Behind the Wheel with Phil Lebeau

GM's Musical Chairs Still Looking For The Right Song

GM Headquarters

The leadership changes at GM keep coming.

The latest, two new people running Chevrolet as well as Buick/GMC are out.

One has been replaced, the other not yet.

It's hardly a surprise, given the culture change Chairman and CEO Ed Whitacre is leading at GM.

And to be honest, I think these types of changes will continue for some time to come.

First, the latest moves.

The head of Chevy, Brent Dewar is leaving the company and will be replaced by longtime GM exec Jim Campbell. This move is understandable since Dewar was widely viewed within GM as a "Henderson man," an exec who rose up through the ranks at GM with former CEO Fritz Henderson. In fact, it was Henderson who appointed Dewar to run Chevy last summer. You know how these things go. In any corporation, when you are viewed as being part of someone's camp and that person leaves, it becomes tough for you to stay. Dewar's replacement Jim Campbell has been with GM since 1988 and most recently was in charge of GM fleet and commercial operations.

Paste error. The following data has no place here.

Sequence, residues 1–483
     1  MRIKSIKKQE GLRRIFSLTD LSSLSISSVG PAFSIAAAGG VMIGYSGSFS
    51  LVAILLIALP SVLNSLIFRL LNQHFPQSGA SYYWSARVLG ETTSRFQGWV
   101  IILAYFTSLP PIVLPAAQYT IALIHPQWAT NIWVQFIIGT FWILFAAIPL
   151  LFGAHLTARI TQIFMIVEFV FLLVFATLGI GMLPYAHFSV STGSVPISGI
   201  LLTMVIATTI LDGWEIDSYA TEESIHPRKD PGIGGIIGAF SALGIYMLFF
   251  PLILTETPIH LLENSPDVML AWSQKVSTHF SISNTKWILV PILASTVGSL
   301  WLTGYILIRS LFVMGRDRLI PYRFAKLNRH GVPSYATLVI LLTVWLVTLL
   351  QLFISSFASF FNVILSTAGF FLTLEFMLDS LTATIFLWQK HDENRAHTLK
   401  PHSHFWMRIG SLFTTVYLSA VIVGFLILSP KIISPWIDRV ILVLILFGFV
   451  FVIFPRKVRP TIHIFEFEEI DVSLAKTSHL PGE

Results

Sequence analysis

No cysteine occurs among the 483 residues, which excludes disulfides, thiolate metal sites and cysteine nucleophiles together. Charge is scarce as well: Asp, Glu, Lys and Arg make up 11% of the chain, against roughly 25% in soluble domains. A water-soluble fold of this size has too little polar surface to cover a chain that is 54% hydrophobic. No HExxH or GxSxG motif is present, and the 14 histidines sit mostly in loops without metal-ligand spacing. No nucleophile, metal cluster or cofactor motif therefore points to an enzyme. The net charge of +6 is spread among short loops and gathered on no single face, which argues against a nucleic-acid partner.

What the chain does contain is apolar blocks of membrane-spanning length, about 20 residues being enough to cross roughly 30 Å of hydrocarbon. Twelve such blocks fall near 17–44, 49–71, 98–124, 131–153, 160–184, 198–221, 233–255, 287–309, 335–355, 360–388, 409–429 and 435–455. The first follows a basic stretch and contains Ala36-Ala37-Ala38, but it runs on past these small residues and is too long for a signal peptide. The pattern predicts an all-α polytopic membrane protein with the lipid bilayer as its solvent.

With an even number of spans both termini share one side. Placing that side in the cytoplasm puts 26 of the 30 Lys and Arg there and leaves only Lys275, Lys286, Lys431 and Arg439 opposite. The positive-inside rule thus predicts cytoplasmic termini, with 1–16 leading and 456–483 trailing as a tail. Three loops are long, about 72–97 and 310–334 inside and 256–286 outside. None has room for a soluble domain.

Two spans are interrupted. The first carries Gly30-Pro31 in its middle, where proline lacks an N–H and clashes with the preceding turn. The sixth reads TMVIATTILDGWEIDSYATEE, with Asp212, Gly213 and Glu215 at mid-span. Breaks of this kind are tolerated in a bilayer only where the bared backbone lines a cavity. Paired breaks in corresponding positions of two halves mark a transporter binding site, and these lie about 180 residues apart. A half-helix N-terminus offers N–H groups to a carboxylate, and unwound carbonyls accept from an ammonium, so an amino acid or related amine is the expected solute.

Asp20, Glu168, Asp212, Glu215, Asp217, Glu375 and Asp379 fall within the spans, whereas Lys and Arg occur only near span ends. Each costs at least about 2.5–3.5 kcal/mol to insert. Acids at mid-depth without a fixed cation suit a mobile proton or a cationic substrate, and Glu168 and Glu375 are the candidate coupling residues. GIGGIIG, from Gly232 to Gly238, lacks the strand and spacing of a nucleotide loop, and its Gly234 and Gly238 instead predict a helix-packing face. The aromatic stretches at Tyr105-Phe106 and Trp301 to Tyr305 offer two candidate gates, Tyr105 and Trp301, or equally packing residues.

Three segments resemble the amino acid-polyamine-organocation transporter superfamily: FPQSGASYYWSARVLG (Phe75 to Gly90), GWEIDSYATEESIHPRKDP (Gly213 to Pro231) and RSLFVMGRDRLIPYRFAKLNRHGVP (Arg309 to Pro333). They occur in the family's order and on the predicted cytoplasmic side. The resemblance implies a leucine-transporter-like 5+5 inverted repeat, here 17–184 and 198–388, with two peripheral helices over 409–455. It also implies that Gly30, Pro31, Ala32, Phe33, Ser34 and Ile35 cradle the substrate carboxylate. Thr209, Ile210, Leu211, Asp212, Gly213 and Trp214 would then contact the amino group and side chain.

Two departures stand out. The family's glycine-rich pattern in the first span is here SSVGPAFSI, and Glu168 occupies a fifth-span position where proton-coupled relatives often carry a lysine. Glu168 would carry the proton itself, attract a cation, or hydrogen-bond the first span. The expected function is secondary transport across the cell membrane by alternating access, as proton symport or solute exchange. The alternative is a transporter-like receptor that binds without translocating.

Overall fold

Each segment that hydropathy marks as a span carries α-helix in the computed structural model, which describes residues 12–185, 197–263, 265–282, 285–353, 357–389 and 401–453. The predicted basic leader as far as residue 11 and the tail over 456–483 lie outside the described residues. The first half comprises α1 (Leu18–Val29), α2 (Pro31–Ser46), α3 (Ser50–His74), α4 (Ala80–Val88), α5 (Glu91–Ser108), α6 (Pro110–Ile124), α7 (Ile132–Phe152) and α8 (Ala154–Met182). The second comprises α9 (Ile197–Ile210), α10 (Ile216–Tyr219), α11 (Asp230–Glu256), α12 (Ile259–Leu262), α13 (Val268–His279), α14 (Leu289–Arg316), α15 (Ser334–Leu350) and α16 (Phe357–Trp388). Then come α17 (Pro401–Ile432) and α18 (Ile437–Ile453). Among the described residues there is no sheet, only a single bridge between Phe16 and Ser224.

Meanwhile, Michael Richards has resigned as the head of Buick/GMC after just 8 days on the job. Richards' departure is not viewed as a major loss since he barely had any time to make his mark on Buick and GMC. Richards was new to GM after spending much of his career at Ford.

So will we see more leadership changes at GM? I think so.

Two things are in happening at GM right now. First, Ed Whitacre and the GM board are making good on their promise to change the leadership of GM and to bring in outsiders. Many of the people who have risen through the ranks in the last 3 or 4 years are longtime GM executives who spent much of their career under the leadership of Rick Wagoner, Fritz Henderson, and the GM of the 90's and 2000's. Does it mean all of these executives must go? No. But it does mean those executives will have to learn a new way of doing things, and learn it quick.

That's the second thing in play. Whitacre wants results fast. He will not be content with executives who set goals for incremental change. On his web chat with reporters on Tuesday Whitacre was asked how long executives would have to show results before they could be replaced. His answer, "Not long." All of this means that those who are now in charge of Chevy, or Cadillac, or sales, or marketing, or any other division within GM better show Whitacre and the board they will, deliver and deliver quickly. It won't be easy. Then again, changing a century old company is never easy.


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